Convention Discussion: What's the difference between the CPUSA and progressive Democrats?

This article is part of the discussion leading up to the Communist Party USA's 29th National Convention May 21-23, 2010. takes no responsibility for the opinions expressed in this article or other articles in the pre-convention discussion. All contributions must meet the guidelines for discussion. To read other contributions to this discussion, visit the site of the Pre-Convention Discussion period.

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A certain question has arisen relatively often during this discussion period: "What is the difference between the Communist Party USA and progressive Democrats?" Superficially, that is a good question, superficially: the CPUSA has worked to get Democrats elected, fought for health care reform with the public option, and embraced most of what organized labor has been doing.

Unfortunately, the aforementioned question is often asked rhetorically, so that the person asking can go on to say that our main contribution has to be to introduce the ideas of Marxism and of socialism, or that we should protest or condemn "the other party of capitalism." But if we were to fully embrace that strategy, we could then ask, "What's the difference between the Communist Party USA and the Workers World Party (or any number of the myriad socialist groups, which actually are hard to tell apart from each other).

The question could go further and ask why we've sometimes come out "further to the right" of the progressive Democrats. In 2006, we supported a supplemental budget bill that would have given Bush the money he needed for the Iraq war, but that attached a timeline for U.S. withdrawal, for example.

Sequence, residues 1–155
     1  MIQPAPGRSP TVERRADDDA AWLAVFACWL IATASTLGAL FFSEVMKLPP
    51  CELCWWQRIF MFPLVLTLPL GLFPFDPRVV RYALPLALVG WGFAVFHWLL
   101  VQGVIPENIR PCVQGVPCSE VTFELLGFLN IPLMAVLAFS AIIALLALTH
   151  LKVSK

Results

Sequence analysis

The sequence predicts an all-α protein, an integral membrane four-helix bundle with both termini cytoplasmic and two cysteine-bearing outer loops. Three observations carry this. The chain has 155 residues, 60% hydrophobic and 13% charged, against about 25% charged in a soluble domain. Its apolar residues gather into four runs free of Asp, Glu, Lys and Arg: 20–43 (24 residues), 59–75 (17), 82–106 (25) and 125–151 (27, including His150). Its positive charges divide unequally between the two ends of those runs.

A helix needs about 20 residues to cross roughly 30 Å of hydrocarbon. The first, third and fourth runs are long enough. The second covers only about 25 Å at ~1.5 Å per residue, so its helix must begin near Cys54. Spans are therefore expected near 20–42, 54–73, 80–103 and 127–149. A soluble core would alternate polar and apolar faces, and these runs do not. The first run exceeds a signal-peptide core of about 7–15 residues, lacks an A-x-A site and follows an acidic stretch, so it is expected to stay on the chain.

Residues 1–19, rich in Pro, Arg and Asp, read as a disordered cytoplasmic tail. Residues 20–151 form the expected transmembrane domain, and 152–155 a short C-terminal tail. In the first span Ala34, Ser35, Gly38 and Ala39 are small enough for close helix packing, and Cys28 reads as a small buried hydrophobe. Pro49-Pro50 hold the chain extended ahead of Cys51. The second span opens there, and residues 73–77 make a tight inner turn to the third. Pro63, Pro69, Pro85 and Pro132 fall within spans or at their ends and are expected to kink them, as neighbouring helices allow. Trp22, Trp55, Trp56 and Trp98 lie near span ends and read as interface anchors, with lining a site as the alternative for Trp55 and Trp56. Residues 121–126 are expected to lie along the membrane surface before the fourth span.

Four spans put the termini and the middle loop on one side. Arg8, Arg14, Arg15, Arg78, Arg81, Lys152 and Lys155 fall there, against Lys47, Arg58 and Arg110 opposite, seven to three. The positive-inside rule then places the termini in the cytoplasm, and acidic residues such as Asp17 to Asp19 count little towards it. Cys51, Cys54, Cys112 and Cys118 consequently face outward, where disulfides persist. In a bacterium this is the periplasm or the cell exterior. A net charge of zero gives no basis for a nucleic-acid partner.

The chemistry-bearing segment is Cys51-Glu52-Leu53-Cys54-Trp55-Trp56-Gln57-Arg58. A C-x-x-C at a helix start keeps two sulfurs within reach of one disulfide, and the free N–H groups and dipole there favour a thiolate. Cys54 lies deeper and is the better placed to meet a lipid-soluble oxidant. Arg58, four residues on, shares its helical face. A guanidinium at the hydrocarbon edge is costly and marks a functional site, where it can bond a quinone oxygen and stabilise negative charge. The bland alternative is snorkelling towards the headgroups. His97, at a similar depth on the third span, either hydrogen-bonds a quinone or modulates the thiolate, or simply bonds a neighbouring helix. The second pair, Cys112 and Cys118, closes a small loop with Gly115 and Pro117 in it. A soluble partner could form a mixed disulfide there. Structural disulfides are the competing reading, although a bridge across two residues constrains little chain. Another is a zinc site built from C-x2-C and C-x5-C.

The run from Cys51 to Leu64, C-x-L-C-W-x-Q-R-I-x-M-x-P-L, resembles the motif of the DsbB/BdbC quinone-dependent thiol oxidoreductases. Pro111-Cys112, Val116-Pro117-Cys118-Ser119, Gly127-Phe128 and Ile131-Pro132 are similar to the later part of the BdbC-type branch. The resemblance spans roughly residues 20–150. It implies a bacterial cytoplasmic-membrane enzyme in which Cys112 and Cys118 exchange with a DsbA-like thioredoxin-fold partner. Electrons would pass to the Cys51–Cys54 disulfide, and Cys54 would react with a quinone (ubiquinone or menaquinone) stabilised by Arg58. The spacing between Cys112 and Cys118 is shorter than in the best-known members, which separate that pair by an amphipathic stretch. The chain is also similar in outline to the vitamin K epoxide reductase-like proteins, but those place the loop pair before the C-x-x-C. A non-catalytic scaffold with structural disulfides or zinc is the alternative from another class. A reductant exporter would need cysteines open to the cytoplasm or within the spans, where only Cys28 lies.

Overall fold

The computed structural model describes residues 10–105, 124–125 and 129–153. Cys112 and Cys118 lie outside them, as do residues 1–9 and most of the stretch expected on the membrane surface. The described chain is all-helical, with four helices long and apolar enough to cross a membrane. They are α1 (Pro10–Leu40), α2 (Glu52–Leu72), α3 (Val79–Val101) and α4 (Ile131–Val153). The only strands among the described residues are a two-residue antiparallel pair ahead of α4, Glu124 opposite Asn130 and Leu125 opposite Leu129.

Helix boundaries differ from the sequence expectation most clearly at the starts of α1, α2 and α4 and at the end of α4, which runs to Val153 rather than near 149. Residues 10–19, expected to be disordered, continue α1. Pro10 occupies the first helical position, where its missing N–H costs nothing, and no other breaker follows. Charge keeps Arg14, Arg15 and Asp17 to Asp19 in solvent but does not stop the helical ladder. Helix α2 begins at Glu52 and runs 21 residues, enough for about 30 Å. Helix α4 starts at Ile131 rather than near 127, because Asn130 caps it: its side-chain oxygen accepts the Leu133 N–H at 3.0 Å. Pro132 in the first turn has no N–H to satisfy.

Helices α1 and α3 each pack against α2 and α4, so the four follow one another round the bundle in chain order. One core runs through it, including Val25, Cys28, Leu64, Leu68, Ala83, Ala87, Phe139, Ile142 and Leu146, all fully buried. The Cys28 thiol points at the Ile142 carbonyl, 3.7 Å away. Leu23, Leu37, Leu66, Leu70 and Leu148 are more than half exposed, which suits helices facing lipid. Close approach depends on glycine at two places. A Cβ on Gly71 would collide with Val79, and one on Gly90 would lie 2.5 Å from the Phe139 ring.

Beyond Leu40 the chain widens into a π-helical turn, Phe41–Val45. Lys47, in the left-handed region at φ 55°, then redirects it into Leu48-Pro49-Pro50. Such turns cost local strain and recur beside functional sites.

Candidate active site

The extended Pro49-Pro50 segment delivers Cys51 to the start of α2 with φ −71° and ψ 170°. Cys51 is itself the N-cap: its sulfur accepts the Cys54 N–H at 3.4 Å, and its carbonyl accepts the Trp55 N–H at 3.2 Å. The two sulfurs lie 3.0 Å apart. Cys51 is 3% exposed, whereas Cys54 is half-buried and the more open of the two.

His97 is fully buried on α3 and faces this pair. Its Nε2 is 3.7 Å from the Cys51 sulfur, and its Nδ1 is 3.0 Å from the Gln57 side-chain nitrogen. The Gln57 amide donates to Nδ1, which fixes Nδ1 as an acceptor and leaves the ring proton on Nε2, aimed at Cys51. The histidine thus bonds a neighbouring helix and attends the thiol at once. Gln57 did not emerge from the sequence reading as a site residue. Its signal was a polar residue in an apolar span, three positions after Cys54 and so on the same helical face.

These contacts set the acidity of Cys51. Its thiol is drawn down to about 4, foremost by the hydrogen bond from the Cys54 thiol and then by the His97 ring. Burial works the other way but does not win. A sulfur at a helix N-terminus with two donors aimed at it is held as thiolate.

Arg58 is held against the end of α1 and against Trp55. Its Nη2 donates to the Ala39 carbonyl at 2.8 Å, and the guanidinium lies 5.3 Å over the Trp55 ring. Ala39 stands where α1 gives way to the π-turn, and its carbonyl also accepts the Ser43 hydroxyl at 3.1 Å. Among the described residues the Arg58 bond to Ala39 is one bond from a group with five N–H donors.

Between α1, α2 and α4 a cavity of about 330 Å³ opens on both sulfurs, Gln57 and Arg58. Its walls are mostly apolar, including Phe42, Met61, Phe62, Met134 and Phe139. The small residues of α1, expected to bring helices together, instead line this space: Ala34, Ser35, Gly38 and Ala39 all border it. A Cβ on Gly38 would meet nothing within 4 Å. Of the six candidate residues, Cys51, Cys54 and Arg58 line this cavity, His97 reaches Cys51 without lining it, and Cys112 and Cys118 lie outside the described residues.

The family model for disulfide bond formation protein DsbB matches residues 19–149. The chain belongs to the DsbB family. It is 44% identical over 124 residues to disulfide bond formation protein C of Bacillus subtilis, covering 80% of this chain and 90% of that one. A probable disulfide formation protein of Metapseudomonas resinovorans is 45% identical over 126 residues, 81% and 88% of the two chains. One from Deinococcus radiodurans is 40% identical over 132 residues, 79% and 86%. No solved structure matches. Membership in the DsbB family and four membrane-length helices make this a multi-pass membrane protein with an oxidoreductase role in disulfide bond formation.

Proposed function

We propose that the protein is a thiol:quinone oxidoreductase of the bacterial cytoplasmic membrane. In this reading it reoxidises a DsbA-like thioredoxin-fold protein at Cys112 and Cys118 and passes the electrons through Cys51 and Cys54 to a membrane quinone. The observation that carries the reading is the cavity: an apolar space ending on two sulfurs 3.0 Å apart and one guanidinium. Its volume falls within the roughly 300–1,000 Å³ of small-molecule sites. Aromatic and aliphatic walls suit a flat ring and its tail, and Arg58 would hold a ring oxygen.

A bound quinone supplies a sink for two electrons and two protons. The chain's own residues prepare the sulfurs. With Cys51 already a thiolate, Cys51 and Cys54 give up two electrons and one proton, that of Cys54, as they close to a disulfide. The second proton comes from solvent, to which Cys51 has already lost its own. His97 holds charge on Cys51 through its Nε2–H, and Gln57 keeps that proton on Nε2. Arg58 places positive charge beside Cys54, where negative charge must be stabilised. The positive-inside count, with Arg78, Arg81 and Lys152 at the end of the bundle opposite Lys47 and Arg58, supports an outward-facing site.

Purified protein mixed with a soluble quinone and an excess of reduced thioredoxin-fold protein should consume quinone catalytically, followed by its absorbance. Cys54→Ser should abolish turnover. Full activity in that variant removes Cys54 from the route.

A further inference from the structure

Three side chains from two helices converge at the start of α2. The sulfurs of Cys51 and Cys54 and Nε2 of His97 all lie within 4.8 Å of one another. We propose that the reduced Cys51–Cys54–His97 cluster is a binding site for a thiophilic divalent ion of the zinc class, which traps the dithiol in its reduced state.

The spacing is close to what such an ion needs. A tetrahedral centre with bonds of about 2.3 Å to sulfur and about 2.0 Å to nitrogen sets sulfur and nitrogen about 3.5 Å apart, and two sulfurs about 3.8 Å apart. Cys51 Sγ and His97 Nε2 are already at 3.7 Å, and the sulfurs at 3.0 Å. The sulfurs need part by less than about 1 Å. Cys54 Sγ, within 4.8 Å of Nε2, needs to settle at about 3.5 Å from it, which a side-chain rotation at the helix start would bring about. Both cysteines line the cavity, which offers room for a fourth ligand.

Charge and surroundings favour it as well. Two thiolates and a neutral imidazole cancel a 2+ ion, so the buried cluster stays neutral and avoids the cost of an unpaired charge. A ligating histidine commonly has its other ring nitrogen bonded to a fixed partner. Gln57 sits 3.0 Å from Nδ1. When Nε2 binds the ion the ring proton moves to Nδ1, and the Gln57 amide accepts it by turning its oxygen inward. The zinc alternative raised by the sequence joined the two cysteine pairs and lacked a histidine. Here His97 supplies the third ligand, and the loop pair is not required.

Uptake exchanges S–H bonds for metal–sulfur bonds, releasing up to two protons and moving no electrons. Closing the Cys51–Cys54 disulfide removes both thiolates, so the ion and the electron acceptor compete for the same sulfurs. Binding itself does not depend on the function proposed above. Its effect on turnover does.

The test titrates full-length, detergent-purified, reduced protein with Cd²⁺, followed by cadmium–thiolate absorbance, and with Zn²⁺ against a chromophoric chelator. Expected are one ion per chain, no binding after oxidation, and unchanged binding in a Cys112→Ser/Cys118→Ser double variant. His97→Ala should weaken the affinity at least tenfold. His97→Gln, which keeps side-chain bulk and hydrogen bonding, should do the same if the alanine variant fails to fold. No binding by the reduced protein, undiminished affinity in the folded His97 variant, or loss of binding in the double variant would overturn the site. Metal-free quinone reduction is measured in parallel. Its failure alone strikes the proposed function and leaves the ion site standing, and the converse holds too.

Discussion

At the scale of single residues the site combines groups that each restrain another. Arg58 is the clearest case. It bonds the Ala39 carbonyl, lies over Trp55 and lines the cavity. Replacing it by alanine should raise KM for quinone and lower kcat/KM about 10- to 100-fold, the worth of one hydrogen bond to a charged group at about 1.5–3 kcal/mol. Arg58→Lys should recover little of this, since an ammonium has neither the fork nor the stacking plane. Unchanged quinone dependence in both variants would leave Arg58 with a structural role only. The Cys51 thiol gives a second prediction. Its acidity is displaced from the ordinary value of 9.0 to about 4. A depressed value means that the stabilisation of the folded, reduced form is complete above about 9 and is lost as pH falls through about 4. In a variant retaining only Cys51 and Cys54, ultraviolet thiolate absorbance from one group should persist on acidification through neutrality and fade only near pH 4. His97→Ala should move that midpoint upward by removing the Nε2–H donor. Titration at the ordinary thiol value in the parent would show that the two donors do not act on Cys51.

Then the question arises: If our role isn't to (only) go around talking up the need for socialism and pointing out how bad the capitalist system is, and it's also not to go further "to the left" of the progressive Democrats, then what is it? What's the point of the organization?

The most important thing that the Communist Party has to offer is strategy, based in Marxism. Everything else is secondary to that. Even talk of socialism, while important, isn't helpful unless it's in the context of short- and long-term goals, and what needs to be done now to move forward.

This strategy is outlined in the CPUSA program, "The Road to Socialism." Instead of simply pointing out the problems of capitalist society, and the need for something better, it is a nearly 90 page discussion of the various contending forces in society, how they are arranged right now, what the current power relations are, and, out of all this, what is the way to move forward towards the goal. Out of this study, the idea that there are three stages, three strategic battles that have to be fought and won, came to be embraced. With each stage of battle, there is, singled out in the document, a core enemy, an enemy that needs to be battled at the local, state and national level, and, on the other side, all of the forces that can be brought together to defeat that enemy (needless to say, the working class is always at core of these forces).

This strategic line can help to provide good tactics, and the clarity to actually win fights and move forward, in any given struggles. Also, the strategic line is based on a real understanding of society-not how we would like things to be. We know that, given the balance of forces in society, we're nowhere near a fight for socialism, and trying to move people to fight for that, or for some sort of strongly anti-monopoly program, would be a losing battle. Between here and there, there's another battle to win.